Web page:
Here, Hannah Duke, from Melbourne, Victoria, shares the story in her own words.
Tossing and turning in bed, I breathed out a heavy sigh. ‘Yet another night of getting no sleep,’ I thought.
I was only 14 but I’d been battling anxiety for the past few years.
Born with dwarfism, and just 137cm tall, meant I was often stared at in the street.
Some people even shouted out ‘midget’ as I walked past. It was painful to deal with.
My mind racing with hundreds of thoughts, I put on Toy Story 2, hoping it would help me unwind.
When it reached the scene where cowboy Woody gets sewn up and repaired, I started to relax.
And as I watched the paintbrush glide over Woody’s shoe, my spine tingled.
It wasn’t long before I started to drift off.
After that, I began to realise that whenever I watched a movie where someone was groomed or had make-up applied, I’d feel instantly relaxed.
Going online, I searched YouTube to see if there were any videos especially for this.
It turned out there were – and I discovered that heaps of people experienced the same feeling.
It even had a name – autonomous sensory meridian response (ASMR).
It’s when a certain sound or movement triggers a relaxing, tingling sensation that moves down the body.
After watching a video of a woman pretending to apply make-up to the viewer’s face, I decided to make my own.
Speaking in a low, hushed voice, I gently brushed bronzer and foundation onto the camera lens.
I wasn’t sure how the video would do, but I posted it on YouTube.
Within a few weeks, the number of viewers crept up to 2000! And I got comments.
‘This is so relaxing,’ people wrote.
‘I almost fell asleep,’ someone else said.
It felt great, so I decided to make more videos. Looking into other ASMR triggers, I discovered people often feel it when they’re listening to someone eat.
Getting some jelly beans, I sat and recorded myself loudly chewing on the lollies.
Another time, I acted out a cranial nerve examination, pretending I was the doctor and the viewer was my patient getting assessed.
At first it felt a bit strange, but I soon got into the role-playing.
And as I continued to make videos, my following grew. Four months in, I was amazed to see I’d hit 1000 subscribers.
Initially, I didn’t tell my family about the videos, but as their popularity increased, I decided to let them know.
‘I make videos of me eating or applying make-up to relax people,’ I told my mum Anita, 45, dad Jeremy, 55, and two sisters, Georgia, 23, and Madison, 16.
They were fine about it.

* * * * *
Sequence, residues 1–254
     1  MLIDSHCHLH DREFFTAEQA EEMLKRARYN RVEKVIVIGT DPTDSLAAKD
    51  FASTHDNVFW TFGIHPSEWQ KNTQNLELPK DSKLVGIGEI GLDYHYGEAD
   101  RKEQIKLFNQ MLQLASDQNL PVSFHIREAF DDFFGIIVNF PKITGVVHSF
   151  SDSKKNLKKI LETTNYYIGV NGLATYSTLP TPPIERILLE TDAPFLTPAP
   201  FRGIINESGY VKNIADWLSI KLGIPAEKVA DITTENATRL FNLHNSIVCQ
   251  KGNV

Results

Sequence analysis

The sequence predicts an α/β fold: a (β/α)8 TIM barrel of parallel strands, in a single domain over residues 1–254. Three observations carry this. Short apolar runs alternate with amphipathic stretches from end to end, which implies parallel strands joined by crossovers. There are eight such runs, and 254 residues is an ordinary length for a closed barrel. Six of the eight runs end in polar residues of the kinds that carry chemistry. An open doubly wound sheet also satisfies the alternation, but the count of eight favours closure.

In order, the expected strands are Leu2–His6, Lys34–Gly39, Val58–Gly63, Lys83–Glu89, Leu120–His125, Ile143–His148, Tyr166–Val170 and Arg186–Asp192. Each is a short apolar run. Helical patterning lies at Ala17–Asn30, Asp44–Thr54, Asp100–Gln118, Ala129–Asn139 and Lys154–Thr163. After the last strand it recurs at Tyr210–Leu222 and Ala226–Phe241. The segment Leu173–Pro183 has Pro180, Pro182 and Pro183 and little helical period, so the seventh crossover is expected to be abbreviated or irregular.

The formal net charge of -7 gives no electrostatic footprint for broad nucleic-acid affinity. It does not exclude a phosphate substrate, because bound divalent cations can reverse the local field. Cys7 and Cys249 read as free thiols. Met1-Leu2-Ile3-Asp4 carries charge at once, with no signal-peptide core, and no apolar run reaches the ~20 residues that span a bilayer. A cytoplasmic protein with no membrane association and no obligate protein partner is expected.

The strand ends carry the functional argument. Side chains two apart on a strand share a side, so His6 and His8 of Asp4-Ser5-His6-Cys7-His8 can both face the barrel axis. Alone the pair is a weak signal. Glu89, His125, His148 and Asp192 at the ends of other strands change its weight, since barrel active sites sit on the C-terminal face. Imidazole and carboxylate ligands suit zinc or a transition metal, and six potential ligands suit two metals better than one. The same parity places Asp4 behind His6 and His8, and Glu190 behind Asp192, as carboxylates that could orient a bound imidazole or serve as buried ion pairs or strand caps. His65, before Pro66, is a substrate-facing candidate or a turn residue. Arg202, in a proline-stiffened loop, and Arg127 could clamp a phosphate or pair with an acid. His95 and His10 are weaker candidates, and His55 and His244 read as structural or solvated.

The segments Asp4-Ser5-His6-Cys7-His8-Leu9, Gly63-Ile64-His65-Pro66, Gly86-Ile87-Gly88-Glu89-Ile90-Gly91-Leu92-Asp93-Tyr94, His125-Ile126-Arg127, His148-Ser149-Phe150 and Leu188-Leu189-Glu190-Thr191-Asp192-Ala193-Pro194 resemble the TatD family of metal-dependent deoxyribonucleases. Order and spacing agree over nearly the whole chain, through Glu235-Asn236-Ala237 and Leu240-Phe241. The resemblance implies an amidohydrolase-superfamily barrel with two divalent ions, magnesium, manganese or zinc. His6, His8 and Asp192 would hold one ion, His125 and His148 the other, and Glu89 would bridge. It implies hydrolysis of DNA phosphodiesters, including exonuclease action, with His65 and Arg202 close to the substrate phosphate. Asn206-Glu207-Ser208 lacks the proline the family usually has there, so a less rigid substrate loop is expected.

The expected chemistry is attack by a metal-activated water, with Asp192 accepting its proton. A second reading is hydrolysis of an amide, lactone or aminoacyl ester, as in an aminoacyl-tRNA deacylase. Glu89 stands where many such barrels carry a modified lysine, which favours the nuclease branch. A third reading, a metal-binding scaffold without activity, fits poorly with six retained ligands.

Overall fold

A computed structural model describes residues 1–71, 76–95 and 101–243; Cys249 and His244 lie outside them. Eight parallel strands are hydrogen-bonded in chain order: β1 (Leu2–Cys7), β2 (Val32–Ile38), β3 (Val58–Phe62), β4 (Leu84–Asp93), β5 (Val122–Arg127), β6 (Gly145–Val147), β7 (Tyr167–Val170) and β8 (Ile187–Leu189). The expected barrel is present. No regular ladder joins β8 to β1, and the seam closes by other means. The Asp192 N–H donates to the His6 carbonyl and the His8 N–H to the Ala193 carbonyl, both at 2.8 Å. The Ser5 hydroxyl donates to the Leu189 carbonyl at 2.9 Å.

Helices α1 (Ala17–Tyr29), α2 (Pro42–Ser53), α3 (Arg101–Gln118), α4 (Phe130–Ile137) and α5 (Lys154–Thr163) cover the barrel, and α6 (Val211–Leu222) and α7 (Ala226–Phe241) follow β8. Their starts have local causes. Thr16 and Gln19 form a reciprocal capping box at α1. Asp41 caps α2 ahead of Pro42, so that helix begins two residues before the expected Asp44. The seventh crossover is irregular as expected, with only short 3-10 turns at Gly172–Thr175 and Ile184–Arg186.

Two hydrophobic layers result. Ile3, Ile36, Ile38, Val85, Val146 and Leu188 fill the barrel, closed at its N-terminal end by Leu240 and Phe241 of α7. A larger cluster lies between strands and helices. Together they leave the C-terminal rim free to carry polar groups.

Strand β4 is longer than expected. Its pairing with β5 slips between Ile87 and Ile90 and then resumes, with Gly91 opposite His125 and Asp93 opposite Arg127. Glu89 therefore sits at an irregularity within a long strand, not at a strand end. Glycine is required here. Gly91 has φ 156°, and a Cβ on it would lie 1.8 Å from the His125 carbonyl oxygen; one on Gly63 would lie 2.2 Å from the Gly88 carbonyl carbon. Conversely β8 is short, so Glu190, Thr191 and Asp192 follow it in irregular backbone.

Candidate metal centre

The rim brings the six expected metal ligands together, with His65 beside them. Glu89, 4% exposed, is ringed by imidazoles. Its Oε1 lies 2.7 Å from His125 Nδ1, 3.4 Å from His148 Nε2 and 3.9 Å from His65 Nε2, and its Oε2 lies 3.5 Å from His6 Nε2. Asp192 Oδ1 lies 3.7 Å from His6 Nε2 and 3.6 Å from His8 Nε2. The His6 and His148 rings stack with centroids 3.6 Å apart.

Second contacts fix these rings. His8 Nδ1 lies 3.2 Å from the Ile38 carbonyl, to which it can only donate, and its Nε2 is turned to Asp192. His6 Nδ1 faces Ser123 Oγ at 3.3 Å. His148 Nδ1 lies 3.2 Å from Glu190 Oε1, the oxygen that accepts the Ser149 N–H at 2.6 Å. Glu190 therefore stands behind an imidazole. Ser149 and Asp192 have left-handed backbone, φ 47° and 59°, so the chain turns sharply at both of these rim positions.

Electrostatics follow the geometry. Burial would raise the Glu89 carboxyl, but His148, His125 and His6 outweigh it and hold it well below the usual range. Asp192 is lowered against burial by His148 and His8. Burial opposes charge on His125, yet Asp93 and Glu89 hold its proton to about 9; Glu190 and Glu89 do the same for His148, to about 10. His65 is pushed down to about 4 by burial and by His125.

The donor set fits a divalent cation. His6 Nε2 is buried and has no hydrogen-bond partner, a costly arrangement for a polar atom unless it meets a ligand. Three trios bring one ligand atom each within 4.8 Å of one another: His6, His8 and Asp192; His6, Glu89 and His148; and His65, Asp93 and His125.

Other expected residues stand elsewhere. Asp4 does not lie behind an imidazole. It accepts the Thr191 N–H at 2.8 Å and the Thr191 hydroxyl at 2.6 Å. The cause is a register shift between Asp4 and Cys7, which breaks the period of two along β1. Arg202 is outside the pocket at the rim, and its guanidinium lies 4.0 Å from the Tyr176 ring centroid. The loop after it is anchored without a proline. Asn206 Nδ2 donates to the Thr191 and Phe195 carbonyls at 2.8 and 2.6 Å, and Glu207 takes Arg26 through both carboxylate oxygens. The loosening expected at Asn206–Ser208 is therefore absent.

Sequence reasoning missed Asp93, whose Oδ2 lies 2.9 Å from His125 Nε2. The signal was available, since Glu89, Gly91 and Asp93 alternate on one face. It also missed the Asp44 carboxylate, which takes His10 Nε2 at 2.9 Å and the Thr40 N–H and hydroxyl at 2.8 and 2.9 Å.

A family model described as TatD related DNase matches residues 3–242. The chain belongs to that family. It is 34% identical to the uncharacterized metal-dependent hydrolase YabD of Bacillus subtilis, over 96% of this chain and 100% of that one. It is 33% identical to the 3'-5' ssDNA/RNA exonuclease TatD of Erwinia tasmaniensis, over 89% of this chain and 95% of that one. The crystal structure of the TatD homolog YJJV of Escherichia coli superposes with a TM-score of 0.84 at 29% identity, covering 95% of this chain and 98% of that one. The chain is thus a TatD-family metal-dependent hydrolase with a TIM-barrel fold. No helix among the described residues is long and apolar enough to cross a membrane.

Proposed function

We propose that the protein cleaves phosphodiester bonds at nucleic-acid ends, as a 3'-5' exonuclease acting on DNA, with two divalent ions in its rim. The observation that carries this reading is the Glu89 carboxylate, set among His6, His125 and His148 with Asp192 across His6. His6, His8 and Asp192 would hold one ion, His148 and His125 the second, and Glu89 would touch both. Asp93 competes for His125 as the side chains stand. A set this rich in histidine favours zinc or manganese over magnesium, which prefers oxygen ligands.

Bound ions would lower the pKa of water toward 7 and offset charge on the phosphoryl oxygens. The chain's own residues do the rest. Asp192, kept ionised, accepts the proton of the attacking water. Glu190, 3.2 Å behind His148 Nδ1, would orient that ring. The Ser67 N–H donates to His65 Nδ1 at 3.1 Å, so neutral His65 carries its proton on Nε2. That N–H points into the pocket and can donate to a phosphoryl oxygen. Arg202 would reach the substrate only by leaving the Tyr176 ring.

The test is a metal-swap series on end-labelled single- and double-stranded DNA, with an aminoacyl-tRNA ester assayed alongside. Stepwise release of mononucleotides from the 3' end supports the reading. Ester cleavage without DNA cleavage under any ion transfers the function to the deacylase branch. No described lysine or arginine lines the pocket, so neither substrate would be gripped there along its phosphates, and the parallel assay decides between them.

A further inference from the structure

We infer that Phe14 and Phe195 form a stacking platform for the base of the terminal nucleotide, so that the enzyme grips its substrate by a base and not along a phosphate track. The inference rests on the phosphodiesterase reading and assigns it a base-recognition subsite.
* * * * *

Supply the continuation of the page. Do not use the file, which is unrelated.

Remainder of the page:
‘As long as you’re being safe, go for it,’ Mum said.
Experimenting with other videos, I’d crinkle pieces of paper or tap my fingernails on random objects.
It was incredible to see how a simple sound could have such a huge impact.
Within a year, I’d hit 10,000 subscribers! People from all over the world messaged me.
War veterans struggling with PTSD would say I’d helped stop their nightmares.
And fans dealing with mental health issues said they were no longer feeling quite as bad thanks to my soothing videos.
It was mind-blowing to think I was genuinely helping people.
As an extra bonus, I was even earning money, thanks to adverts.
With over a million views of my videos, I was earning up to $1000 a month.
Plus, making the videos was helping me cope with my own anxiety.
Filming was like a form of meditation, which helped me sleep.
And I’d get positive comments about my dwarfism, with people calling me unique and one of a kind.
Nowadays, I’m doing it full time. I even get stopped in the street by people saying how my videos help them get to sleep.
One time, I was sitting at the train station when a girl handed me a note before walking off.
I just wanted to say thank you so much, it read. I get panic attacks and you’ve helped calm me.
It was so lovely to hear and I kept the note.
Now in my sixth year of making ASMR content, I have over 130,000 subscribers.
I can get up to 200 messages a day from fans. They’re mainly expressions of gratitude from people telling me how I’ve helped them.
My most popular video to date is one of me smacking my lips, which has racked up a huge 1.6 million views.
I never expected it to take off the way it has.
My friends and family have been very supportive of my unusual venture – although my sisters do find it annoying when they can’t find the shampoo as I’ve taken it to my room for a nail-tapping video!
Some may dismiss ASMR as a myth, but the proof is out there – every day I’m thanked by strangers for helping them relax and switch off.
As long as people keep watching my videos, I’ll keep chewing, tapping and whispering away